Unexpected Match [NOOK Book]

Overview

What does hardworking single father Matthew Warren want in a wife? Responsibility, practicality and a good rapport with his child. So why isn't he interested in the responsible, practical daughter of his matchmaking mother's best friend? Could it be that another Scott sister has gotten through to his guarded heart? He can't possibly be falling for Haley Scott, his daughter's new nanny, the very woman he almost fired for her free-spirited ways! Granted, his little girl is a lot happier lately. And so is he. ...

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Unexpected Match

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Overview

What does hardworking single father Matthew Warren want in a wife? Responsibility, practicality and a good rapport with his child. So why isn't he interested in the responsible, practical daughter of his matchmaking mother's best friend? Could it be that another Scott sister has gotten through to his guarded heart? He can't possibly be falling for Haley Scott, his daughter's new nanny, the very woman he almost fired for her free-spirited ways! Granted, his little girl is a lot happier lately. And so is he. Sometimes the best matches are the most unexpected.

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Product Details

  • ISBN-13: 9781426838484
  • Publisher: Harlequin Enterprises
  • Publication date: 8/1/2009
  • Series: Wedding Bell Blessings Series
  • Sold by: Barnes & Noble
  • Format: eBook
  • Pages: 256
  • Sales rank: 451,378
  • File size: 167 KB

Meet the Author

The first stories Dana invented were never recorded, but these tales took Barbie, Skipper and Ken on amazing adventures that almost always involved a secret baby plot. Cornelius and Zira dolls from Planet of the Apes were usually included in the tangled web as well, while Dana acted out her stories for hours alone in her room.

For this Kokomo, Indiana, native, writing came as a smooth transition from her love of reading and storytelling. Dana began with poetry in third grade, continuing through playwriting and journaling, all before junior high. In high school she discovered an outlet in journalism, reporting for the high school newspaper. She enjoyed telling other people's stories so much that she earned a journalism degree from Ball State University while working for four years on the college newspaper staff.

After college she became a newspaper reporter and, later, features editor for The Republic newspaper in Columbus, Indiana, where she found fulfillment and recognition. "The stories always drove me," she says. "I used to love finding a human-interest story inside a murder or fatality accident or discovering the stories behind the familiar faces in downtown Columbus."

While she was at the newspaper, she met the love of her life, Randy, and chased him down and married him before he got away. In 1992, when their first daughter was born, Dana became a stay-at-home mom. Still, the need to write followed her, so she became a columnist for the newspaper and freelanced for regional and national magazines.

In early 1995, a few months after their second daughter's birth, Dana had a dream, which resulted in her firstnovel.This tome, even after nine revisions, is still hidden in her office drawer, where it belongs. But from this first—for a long time, anyway—foray into writing fiction, she was hooked.

"At first it was scary inventing the story, especially when my career had been so focussed on truth, but then I discovered that writing lies is a blast."

In the years since, which included the birth of daughter No. 3 and two relocations for her husband's job, Dana has found a vocation and an avocation in writing romances. These days she makes her home in Grand Rapids, Michigan, balancing time for the tales of her heart with her equally exciting life as wife, carpool coordinator for three active children and food provider for two disinterested felines, a Maine coon named Samson and girth-challenged tabby named Bogart.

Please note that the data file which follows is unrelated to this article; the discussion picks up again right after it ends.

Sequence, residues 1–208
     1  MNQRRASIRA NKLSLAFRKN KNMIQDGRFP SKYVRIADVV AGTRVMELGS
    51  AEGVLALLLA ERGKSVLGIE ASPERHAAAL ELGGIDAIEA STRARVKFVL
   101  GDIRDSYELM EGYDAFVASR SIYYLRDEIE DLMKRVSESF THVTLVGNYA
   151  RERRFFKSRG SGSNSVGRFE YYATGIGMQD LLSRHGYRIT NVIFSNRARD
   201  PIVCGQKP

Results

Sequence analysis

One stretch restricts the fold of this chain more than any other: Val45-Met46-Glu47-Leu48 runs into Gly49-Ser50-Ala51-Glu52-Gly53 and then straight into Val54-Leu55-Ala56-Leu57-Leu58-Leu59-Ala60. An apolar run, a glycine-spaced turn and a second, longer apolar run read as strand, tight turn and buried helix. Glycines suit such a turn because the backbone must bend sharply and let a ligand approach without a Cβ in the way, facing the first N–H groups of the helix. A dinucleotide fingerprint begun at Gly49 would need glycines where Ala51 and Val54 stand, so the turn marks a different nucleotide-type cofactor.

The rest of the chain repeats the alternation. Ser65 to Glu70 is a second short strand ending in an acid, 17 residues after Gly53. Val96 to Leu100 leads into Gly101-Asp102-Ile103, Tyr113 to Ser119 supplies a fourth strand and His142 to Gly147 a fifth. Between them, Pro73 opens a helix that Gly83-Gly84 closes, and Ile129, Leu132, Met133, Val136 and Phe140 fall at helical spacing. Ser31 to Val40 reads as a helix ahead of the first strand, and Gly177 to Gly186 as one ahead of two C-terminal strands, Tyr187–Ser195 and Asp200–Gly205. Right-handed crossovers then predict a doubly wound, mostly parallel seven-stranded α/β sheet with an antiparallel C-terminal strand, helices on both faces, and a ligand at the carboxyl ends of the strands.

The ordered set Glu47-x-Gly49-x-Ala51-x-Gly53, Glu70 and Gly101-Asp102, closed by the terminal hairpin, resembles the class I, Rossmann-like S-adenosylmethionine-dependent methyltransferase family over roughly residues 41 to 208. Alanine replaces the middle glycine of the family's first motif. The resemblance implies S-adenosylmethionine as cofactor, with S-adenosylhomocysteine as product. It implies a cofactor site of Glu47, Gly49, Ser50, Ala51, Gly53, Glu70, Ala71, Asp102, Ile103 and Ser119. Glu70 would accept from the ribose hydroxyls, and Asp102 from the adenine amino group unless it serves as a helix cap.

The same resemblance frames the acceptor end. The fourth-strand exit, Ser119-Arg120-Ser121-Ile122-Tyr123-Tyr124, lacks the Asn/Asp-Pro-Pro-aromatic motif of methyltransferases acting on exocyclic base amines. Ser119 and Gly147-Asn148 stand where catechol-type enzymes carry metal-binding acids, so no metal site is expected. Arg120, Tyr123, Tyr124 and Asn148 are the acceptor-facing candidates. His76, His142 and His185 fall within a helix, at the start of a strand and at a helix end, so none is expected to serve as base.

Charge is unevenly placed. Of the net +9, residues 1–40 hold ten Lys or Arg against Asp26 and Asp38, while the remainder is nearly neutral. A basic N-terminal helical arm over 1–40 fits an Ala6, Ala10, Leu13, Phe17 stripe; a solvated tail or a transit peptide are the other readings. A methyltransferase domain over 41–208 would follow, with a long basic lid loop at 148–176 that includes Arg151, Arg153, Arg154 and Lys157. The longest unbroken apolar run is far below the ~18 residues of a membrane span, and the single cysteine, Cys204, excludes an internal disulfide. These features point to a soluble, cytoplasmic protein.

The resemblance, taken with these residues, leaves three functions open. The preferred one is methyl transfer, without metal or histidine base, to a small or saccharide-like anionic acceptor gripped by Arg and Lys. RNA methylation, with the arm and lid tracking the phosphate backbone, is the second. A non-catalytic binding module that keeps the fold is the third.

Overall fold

Among her favorite activities are family outings, bicycling, baking luscious desserts, volunteering at church and school and watching romantic movies. She tries to stay active in an on-again-off-again exercise routine, but she'd much rather be slouched in a chair, reading or writing another great story.

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Read an Excerpt

Is there a Haley Scott here?"

Haley glanced through the storm door at the package carrier before opening the latch, letting in some of the frigid March wind.

"That's me, but not for long."

The blank stare the man gave her as he stood on the porch of her mother's new house only made Haley smile. In fifty-one hours and twenty-nine minutes, her name would be changing. Her life, as well, but she couldn't allow herself to think about that now.

She wouldn't attribute her sudden shiver to anything but the cold, either. Not with a bridal fitting to endure, embossed napkins to pick up and a caterer to call. Too many details, too little time—and certainly no time for her to entertain her silly cold feet.

"Then this is for you."

Practiced at this procedure after two days back in her Markston, Indiana hometown, Haley reached out both arms to accept a bridal gift, but the carrier turned and deposited an overnight letter package in just one of her

hands. Haley stared down at the Michigan return address of her fiancé, Tom Jeffries.

"Strange way to send a wedding present," she murmured.

The man grunted and shoved an electronic signature device at her, waiting until she scrawled her name.

As soon as she closed the door, Haley returned to the living room and yanked the tab on the envelope. From it, she withdrew a single sheet of folded notebook paper.

Something inside her suggested that she should sit down to read it, so she lowered herself into a floral side chair. Hesitating before she unfolded the note, she glanced at the far wall where wedding gifts in pastel-colored paper were stacked. Her stomach tightened as she read each handwritten word.

"Best? Hesigned it best?" Her voice cracked as the paper fluttered to the floor. She was sure she should be sobbing or collapsing in a heap, but she only felt numb as she stared down at the offensive piece of paper.

The letter that had changed everything.